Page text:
The Cherokee Village City Council hosted a crowded council room and much discussion for the April 21 meeting. The main discussion, regarding the establishment of a franchise fee, brought on a lot of interaction among both council members and the audience. The franchise fee, along with passing an ordinance to get a one percent sales tax put on the ballot for a special election, both came up for debate. These two items were presented in response to last week's Financial Task Force meeting, where the city discussed budget shortfalls and a variety of options to cut the budget.
Prior to the meeting's start, Alderman Tom Thone questioned the franchise fee and sales tax being on the agenda, asking whether this was the way the city planned to address budget concerns.
A 4.5 percent franchise fee was proposed to be added to the city water bill and implemented at the end of July. Thone was adamant that the city needed to explore other options before raising taxes, including reducing spending. The council eventually passed the ordinance, reading it by title only the second and third time. Thune was the only council member to vote "No" to the franchise fee. The Mayor said the franchise fee will bring in $30,000 to $40,000 annually.
The one percent sales tax also drew a lot of discussion among the audience and council. Thone first asked council, in reference to the last meeting when a specified percentage rate was not discussed, "Why one percent? There has to be some sort of logic, not just pick a number." He also asked how much revenue the tax would generate and was told by the mayor it would be around $50,000 a year. The special election will cost the city between $2,100 and $2,800.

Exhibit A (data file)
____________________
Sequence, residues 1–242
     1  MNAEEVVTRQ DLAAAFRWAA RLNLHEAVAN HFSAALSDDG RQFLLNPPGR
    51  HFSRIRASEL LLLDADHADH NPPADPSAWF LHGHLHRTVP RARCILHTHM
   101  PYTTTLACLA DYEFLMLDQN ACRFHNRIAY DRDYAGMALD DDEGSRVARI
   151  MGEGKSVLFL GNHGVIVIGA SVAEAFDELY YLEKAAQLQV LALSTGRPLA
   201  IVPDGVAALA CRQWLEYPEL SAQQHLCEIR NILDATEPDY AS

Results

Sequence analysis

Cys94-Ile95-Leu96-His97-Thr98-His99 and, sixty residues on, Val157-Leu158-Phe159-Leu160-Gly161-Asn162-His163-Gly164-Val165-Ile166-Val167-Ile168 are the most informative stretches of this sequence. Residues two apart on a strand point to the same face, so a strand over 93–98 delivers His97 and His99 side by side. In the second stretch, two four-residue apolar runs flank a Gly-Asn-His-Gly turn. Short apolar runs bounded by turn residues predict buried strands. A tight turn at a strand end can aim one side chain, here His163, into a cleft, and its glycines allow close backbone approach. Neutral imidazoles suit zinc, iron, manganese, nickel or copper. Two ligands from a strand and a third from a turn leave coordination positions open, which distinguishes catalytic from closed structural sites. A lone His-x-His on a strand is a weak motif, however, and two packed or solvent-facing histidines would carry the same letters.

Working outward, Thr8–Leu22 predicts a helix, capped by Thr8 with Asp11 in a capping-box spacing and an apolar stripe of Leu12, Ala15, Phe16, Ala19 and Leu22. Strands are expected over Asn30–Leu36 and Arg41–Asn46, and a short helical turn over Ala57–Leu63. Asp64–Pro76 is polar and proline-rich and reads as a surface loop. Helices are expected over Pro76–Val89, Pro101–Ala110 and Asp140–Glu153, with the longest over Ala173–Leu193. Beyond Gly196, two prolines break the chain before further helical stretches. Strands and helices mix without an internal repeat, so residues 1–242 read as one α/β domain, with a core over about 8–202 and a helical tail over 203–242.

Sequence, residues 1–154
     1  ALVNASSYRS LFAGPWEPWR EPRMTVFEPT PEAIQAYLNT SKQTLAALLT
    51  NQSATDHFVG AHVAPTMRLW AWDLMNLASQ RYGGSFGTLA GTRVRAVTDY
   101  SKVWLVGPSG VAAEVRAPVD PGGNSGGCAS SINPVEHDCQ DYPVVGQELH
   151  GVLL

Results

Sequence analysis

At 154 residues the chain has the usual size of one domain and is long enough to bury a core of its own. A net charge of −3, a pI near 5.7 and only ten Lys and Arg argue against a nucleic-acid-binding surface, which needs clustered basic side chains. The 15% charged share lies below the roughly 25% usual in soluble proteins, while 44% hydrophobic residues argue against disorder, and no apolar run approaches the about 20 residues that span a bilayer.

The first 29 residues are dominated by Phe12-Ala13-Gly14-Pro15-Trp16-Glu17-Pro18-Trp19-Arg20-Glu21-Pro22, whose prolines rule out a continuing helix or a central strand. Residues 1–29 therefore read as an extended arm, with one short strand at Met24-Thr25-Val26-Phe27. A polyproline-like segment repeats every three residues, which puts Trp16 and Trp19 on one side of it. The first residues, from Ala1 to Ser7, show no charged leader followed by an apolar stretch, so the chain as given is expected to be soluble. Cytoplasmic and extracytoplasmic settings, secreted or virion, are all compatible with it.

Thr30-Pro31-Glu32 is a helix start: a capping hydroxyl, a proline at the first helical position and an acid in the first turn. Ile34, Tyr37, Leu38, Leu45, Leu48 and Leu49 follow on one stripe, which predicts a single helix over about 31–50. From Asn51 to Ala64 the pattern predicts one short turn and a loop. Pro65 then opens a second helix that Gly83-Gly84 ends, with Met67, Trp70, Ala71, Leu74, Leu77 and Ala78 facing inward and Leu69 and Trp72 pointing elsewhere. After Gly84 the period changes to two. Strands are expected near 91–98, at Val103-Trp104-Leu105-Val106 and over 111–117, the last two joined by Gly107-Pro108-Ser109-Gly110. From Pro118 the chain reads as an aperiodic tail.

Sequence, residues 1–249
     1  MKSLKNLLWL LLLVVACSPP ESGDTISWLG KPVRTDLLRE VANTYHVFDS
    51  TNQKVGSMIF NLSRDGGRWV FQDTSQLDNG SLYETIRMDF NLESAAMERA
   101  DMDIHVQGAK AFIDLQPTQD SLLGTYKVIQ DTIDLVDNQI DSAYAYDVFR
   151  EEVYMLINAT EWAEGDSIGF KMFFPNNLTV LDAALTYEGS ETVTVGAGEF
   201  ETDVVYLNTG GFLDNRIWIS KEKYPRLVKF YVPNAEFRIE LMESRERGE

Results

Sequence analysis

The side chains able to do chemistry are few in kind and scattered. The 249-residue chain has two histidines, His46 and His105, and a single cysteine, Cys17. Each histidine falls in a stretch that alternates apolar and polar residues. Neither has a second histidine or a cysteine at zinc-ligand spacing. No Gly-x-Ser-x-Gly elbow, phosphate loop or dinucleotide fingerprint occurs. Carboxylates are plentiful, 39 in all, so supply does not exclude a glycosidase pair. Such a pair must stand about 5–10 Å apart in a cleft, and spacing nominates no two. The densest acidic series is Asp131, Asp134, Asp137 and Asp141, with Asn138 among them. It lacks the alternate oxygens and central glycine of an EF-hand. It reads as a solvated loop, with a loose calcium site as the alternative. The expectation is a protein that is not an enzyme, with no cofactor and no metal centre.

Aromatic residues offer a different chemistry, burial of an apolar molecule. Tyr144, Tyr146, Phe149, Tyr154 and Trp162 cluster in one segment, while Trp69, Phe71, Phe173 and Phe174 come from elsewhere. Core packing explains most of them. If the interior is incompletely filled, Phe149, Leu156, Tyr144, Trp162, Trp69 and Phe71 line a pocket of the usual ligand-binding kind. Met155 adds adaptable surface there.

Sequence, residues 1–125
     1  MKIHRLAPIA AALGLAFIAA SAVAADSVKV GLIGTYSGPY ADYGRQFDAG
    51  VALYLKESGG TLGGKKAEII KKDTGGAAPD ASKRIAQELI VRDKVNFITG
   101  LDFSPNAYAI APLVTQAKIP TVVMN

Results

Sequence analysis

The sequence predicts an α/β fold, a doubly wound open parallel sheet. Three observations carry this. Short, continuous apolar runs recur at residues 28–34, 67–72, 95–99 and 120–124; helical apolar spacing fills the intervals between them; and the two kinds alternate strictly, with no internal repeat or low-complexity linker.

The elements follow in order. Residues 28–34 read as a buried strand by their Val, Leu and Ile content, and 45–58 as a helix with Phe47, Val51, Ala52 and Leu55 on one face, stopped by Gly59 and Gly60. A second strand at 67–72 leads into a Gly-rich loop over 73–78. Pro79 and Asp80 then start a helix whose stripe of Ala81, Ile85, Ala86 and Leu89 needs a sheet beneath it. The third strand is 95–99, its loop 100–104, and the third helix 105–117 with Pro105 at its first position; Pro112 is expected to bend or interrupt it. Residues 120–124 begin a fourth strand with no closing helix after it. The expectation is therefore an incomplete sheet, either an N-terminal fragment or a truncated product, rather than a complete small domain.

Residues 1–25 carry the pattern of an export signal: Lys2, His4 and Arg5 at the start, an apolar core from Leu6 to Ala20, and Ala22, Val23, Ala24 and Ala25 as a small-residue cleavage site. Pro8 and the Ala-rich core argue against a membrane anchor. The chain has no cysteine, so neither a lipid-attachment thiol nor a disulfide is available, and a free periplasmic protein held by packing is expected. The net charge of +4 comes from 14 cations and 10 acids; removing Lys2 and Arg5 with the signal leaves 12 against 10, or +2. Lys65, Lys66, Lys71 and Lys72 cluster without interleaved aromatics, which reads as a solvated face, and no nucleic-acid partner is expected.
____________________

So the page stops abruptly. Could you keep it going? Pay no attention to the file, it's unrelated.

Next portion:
Resident Dave Gruger then spoke to council asking about if the tax would also be on top of the franchise fee, making residents pay taxes on the 4.5 percent franchise fee as well as on other utility bills, making them higher overall.
He said "Slapping a tax on everything is going to keep businesses from coming into the area." The mayor assured him the issue is something the city is putting before the people and they will have the right to vote on it.
Lastly, Steve Thompson spoke to the council about the budget shortfalls. Thompson is a financial advisor who owns a local business and is also a resident of Cherokee Village. He explained that the reason the city's financial records from last year look good was primarily because of reimbursements from FEMA for disasters in 2009 and 2010.
He also said the council voted to spend $87,000 on a building for a farmers market, while the number one need is a reliable and responsible medical system. "You need to prioritize," he said.
Another suggestion was an Advertising &Promotion tax as a means for increasing revenue.
Thompson said, "Lynn Maxedon came to the Cherokee Village Business Association and presented the A & P and we were unanimously against it. We asked you to try to be conservative and I don't think spending $87,000 is wise. We need to think of cutting and being conservative. We look to you, as a group, as leaders. I respectfully submit that you as a council have turned a deaf ear on us."
The mayor responded, "You have to see both sides. We plan to utilize the building as a shelter also to help those in the community in times of need."
Council voted to put the tax on the ballot as a first vote.
Council must vote twice more to get the sales tax on the ballot in a special election.